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Ala Ebtekar | USA

Ascension I, 2007

Ink and acrylic on 19th century manuscript
131x206x4 cm

Courtesy of the Collection of Driek and Michael Zirinsky

Ala Ebtekar earned his MFA from Stanford University and currently lives in Palo Alto, California. His drawings, prints, and installations explore contrasts between traditional Iranian and contemporary hip-hop cultures. Growing up in the Bay Area with activist Iranian parents in exile, he developed a unique identity.

In "Ascension" (2007), Ala Ebtekar portrays a legendary figure called Buraq, part human and part horse and peacock, who helped Muhammad ascend to heaven. Here she rises like a Western Pegasus/Phoenix above the ashes of war. The artist establishes the background by pasting pages from Islamic prayer books to the canvas. Bomb and clouds, lyrically painted in a Tibetan tanka style, float gracefully around the figure.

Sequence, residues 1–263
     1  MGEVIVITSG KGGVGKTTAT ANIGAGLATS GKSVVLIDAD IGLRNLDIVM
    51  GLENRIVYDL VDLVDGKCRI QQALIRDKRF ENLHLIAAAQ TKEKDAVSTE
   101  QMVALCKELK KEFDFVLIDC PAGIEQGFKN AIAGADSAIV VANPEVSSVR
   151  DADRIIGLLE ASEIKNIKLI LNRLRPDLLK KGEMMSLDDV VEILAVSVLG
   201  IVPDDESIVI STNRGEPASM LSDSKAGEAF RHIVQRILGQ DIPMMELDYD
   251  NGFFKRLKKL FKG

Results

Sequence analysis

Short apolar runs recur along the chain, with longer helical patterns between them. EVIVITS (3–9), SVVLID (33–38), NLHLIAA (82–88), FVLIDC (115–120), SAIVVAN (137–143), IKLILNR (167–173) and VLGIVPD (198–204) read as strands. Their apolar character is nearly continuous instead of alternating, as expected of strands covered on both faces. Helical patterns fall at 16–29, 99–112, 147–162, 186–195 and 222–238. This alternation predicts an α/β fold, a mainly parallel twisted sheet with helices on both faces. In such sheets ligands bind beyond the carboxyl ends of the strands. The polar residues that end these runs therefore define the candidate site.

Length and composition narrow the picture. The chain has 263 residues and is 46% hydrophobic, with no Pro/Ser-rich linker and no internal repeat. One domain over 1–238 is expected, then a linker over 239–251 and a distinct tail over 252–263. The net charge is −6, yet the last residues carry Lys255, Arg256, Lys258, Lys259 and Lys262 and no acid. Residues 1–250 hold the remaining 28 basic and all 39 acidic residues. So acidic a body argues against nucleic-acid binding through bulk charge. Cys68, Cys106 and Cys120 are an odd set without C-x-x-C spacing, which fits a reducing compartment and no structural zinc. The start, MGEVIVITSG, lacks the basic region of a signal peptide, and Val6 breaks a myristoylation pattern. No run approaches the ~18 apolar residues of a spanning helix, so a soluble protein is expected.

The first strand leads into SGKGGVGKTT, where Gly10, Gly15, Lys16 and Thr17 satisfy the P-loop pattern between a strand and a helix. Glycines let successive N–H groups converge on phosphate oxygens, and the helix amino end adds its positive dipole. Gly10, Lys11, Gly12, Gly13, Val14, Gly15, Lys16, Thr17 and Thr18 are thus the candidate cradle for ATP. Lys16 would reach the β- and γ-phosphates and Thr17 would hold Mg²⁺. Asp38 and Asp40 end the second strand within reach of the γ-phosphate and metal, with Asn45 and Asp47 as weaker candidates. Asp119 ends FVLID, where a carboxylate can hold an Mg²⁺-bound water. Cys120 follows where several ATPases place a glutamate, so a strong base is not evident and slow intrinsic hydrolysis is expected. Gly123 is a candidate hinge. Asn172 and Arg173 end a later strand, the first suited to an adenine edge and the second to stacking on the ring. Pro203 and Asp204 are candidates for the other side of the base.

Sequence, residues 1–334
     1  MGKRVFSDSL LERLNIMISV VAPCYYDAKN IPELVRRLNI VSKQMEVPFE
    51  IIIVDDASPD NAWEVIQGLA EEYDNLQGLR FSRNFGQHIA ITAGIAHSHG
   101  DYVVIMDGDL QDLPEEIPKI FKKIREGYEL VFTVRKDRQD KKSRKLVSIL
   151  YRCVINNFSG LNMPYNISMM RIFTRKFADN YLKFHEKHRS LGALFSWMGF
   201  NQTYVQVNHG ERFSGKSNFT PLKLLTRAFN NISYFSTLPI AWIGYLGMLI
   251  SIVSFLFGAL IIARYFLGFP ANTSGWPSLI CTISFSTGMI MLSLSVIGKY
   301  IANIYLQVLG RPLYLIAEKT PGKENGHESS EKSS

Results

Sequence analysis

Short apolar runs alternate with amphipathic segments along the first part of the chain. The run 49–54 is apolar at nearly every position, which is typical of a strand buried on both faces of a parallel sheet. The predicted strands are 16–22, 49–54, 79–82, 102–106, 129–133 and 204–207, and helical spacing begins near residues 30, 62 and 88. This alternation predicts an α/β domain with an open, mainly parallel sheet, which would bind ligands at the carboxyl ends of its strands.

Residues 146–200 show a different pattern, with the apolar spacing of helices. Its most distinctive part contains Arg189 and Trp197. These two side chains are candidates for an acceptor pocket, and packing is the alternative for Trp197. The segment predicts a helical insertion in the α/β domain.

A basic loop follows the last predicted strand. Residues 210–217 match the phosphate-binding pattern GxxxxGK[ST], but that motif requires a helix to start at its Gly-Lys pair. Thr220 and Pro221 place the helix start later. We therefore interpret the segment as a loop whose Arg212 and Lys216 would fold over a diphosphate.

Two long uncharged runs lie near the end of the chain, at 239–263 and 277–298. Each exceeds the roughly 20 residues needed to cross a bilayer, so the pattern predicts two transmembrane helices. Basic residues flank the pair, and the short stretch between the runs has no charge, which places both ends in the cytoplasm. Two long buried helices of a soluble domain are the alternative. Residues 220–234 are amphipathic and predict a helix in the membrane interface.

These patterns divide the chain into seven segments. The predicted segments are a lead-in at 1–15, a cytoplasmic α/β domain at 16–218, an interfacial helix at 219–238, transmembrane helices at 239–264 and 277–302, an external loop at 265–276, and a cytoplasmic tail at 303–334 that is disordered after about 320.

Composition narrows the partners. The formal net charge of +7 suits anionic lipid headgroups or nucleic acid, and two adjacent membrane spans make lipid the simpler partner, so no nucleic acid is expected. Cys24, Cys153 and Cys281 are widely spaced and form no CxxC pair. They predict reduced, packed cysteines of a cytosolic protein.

In this over-lifesize painting, the political and the spiritual dramatically converge. Apprenticed to a miniaturist painter, Ebtekar is one of a growing number of artists inspired by the tradition of manuscript illumination that flourished in European monasteries during the Middle Ages and at the courts of Persian and Mogul rulers through the nineteenth century.



Text: Barbara Matilsky